To state the point of tension plainly, the Dutch value freedom of speech. To speak ones mind, state ones point of view, whether in word, art, drawing, film or music is a n inalienable right to them. Not everyone will be pleased with what you say, and if you break laws with your work, you can be subject to prosecution. This may be for libel or violating other legally coded limits. Sometimes history plays a role, so there is such a thing as banned literature in The Netherlands. "Mein Kampf" is an understandably banned book. The German World War II invasion of the Netherlands and the Holocaust have left an indelible impression on the social circumstances and laws of the Netherlands.
Protest, I think, is accepted as a valid response to a work of art. Legal action as well is within the realm of what is acceptable in Dutch society. Murder is not an acceptable course of action for making ones displeasure known.
I am referring to the story of Theo Van Gogh who made a film depicting a Muslim woman voicing the possible secret worries of a woman in a strict Muslim home environment. The actress was dressed in what looked like concealing Islamic conservative head and facial covering, while her nearly naked body was visible through a see through part of the long covering. Symbolically I can see the message of the clothing. The piece is very "artsy" but also makes some points about the lack of support a Muslim woman may have, even from her own family, if she is beaten or raped...even by family members.
I know that Theo Van Gogh also said deplorable things about Jews. I can understand someone being angry with Theo Van Gogh for his outrageous statements. As a former Mormon, I understand the anger religious people feel when their symbols are misappropriated to criticize their faith.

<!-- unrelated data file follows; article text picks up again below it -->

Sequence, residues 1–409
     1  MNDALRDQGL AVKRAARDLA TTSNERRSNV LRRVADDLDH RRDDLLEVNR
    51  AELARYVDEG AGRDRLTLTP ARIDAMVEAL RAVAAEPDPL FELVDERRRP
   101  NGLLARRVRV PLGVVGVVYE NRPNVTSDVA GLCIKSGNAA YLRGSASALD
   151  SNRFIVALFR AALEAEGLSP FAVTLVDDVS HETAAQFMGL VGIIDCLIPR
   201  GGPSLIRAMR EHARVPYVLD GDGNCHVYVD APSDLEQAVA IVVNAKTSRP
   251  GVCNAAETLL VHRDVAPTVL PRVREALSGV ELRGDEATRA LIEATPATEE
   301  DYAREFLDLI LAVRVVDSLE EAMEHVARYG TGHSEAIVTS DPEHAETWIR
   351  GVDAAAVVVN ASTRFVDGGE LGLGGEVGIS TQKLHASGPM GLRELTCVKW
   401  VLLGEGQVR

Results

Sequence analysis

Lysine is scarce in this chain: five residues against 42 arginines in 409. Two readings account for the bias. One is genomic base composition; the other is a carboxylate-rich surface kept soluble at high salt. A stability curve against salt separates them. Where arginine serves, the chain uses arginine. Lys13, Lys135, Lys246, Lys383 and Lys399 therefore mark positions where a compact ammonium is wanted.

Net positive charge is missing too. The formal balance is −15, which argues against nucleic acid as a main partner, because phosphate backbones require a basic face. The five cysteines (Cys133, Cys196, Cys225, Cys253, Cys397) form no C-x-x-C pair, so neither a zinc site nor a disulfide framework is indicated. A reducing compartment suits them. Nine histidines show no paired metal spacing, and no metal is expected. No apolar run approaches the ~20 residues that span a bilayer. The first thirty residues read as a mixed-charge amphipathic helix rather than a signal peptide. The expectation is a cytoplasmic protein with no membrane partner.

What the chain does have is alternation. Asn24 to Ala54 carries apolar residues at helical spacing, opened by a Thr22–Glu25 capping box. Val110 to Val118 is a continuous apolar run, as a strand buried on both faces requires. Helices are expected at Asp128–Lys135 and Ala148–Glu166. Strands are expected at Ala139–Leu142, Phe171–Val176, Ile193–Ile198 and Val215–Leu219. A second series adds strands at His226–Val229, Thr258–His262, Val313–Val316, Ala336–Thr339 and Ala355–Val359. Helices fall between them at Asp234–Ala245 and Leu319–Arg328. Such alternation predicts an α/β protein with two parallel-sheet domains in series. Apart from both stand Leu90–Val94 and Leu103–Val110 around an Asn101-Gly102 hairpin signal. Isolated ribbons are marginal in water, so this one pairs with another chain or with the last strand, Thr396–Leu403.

I cannot understand or accept Theo Van Gogh's fate. He was murdered by Mohammed Bouyeri, who left a note with even more deplorable anti-semetic statements as well as other references to a radicalized Egyptian Islamic group.
I can agree with the Dutch sentiment that such a killing is not a justifiable behavior and not compatible with their society. This line of reasoning all too quickly leads to ethnic slurs, an "us vs. them" mentality and talk of a "Final Solution".
It is simply not acceptable for someone to come from another culture, observe the ideas of someone in their host culture and murder that person for those ideas. This just cannot stand. I think reasonable people can accept the mixing of others from other cultures in their streets. I don't think they have to put up with something that looks like an act of war by an invader. Even if that person is a second generation descendant. A man who has such a poor level of respect for the laws, customs and culture of his newly adopted land clearly represents a real and serious problem that needs to be dealt with. It appears that the act of murder was somehow, in the mind of this particular Muslim perpetrator, justified by a belief system or doctrine. What is to be done about this, especially if it is a trend?